New spintronics effect could lead to magnetic batteries
(PhysOrg.com) -- Physicists have recently discovered that heating one side of a magnetized nickel-iron rod causes electrons to rearrange themselves according to their spins. This so-called "spin Seebeck effect" could lead to batteries that generate magnetic currents, rather than electric currents. A source of magnetic currents could be especially useful for the development of spintronics devices, which use magnetic currents in order to reduce overheating in computer chips, since, unlike electric currents, magnetic currents don´t generate heat.
Physicist Eiji Saitoh of Keio University in Yokohama, Japan, and colleagues from other Japanese institutions have published their results in a recent issue of Nature. As they explain, the term "spin Seebeck effect" comes from the original Seebeck effect, a thermoelectric phenomenon discovered by Thomas Johann Seebeck in the 1800s. In the Seebeck effect, heating one side of a conducting rod causes electrons at that end to heat up and move toward the cooler side, creating a voltage.
The spin Seebeck effect is similar, but affects electron spin, which is the quantum physics equivalent of north-south magnetic alignment. When heating a magnetized metal, such as the nickel-iron rod, the researchers found that electrons with up spins (aligned with the rod´s magnetic field) congregated on the warmer side, while electrons with down spins (unaligned) preferred the cooler side.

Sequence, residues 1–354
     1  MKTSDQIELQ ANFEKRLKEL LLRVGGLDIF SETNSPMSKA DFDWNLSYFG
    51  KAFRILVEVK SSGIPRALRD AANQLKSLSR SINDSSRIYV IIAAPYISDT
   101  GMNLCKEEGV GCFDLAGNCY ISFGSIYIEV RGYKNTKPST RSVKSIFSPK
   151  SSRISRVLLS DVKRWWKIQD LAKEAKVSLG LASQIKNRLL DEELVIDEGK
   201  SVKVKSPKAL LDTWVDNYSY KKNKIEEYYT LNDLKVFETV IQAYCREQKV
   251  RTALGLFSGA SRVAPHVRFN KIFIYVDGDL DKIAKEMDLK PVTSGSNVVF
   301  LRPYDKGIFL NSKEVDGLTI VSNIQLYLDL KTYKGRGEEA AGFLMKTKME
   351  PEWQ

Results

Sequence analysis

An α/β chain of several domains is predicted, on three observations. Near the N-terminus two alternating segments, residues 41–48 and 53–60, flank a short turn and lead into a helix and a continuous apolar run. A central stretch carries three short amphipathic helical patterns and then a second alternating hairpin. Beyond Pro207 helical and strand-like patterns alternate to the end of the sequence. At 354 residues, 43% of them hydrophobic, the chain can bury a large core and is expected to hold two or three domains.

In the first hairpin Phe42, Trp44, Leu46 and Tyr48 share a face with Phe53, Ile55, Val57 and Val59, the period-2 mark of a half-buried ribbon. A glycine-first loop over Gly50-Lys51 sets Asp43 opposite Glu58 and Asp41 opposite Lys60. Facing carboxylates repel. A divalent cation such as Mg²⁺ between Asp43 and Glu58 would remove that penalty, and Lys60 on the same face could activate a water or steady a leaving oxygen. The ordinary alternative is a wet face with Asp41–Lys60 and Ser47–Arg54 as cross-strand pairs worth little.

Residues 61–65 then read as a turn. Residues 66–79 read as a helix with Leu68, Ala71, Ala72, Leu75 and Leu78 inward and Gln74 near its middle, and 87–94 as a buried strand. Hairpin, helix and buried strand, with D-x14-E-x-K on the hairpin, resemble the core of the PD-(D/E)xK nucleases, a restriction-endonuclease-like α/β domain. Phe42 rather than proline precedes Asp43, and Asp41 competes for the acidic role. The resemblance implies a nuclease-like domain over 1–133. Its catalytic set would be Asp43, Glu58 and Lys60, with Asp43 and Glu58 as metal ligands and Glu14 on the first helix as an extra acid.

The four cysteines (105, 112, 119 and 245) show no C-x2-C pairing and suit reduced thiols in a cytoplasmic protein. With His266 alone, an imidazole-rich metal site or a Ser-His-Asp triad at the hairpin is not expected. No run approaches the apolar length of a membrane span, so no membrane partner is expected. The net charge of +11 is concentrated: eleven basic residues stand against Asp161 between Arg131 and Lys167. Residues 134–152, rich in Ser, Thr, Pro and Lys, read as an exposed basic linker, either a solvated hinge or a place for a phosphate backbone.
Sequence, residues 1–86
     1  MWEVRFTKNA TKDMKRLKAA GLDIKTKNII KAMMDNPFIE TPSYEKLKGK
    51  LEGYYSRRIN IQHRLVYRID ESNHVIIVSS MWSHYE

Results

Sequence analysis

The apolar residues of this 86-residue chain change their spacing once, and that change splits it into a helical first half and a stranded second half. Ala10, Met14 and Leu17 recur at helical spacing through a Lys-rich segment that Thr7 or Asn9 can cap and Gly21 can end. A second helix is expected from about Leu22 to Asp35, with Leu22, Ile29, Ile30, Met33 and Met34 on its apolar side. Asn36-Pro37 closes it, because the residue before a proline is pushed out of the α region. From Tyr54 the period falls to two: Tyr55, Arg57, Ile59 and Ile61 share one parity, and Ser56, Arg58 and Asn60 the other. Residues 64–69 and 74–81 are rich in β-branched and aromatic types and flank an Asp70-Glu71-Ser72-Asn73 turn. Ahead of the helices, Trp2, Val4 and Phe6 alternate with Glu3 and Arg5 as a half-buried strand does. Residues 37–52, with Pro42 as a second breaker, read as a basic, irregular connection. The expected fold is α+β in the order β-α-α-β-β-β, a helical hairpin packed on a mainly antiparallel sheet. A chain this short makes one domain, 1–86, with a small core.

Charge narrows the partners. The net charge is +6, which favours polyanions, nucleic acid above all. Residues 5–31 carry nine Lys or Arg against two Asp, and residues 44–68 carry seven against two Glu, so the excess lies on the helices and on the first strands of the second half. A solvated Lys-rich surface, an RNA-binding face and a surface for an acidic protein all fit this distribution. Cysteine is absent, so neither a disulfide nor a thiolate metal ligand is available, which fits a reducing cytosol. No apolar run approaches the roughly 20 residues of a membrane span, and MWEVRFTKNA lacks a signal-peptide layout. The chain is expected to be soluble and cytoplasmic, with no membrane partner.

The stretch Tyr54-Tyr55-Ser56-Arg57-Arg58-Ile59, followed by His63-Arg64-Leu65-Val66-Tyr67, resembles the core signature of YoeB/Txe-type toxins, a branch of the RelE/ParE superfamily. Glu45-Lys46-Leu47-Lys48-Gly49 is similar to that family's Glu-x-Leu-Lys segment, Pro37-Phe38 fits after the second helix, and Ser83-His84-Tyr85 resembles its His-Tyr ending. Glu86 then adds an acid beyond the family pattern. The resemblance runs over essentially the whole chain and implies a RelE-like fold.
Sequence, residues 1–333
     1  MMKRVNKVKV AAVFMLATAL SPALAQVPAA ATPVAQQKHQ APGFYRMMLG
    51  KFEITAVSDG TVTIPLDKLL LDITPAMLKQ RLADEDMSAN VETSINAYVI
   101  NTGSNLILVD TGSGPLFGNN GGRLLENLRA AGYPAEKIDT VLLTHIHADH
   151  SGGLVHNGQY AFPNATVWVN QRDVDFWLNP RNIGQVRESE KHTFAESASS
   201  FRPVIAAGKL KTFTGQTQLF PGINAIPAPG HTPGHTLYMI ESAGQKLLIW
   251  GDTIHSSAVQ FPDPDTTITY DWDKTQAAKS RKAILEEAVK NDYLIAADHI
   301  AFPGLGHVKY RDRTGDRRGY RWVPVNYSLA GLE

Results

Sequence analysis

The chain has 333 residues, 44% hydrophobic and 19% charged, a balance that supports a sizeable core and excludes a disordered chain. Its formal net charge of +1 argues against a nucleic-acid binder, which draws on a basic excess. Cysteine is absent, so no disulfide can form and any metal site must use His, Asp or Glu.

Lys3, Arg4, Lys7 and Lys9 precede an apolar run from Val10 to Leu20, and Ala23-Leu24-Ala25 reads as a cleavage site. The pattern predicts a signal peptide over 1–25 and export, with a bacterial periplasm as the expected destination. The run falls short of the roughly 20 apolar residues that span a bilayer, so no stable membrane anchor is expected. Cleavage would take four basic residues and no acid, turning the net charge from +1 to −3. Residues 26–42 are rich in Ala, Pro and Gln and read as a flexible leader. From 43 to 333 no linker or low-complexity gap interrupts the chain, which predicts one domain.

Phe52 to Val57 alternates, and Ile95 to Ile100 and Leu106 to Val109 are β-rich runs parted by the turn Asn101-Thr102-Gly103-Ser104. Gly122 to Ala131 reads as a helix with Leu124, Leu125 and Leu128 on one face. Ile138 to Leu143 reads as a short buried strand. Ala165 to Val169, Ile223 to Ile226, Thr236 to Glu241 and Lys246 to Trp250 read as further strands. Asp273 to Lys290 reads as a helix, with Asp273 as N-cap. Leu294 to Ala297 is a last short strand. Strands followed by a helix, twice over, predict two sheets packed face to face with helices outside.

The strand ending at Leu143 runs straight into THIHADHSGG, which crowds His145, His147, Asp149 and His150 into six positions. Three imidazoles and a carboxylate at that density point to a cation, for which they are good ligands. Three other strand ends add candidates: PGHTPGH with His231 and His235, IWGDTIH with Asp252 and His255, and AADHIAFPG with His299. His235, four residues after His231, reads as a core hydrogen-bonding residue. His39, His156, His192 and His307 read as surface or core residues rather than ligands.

Essentially, this spin-segregated rod now has two electrodes and serves as the basis for a new kind of battery that produces "spin voltage," or magnetic currents, which have been difficult to produce. With this tool, physicists can work toward developing more kinds of spintronics devices that store information magnetically.
Magnetic information storage is inherently more efficient than storing information electronically because there is no waste heat. Unlike electrons that constantly bump into each other, flipping electron spins doesn´t generate heat. Reducing waste heat could lead to computer chip miniaturization, and would also mean lower power consumption and faster operational speeds.
"The spin Seebeck effect allows us to pass a pure spin current, a flow of electron spins without electric currents, over a long distance," the authors wrote in their study. "These innovative capabilities will invigorate spintronics research."
More information: Nature study
via: Science News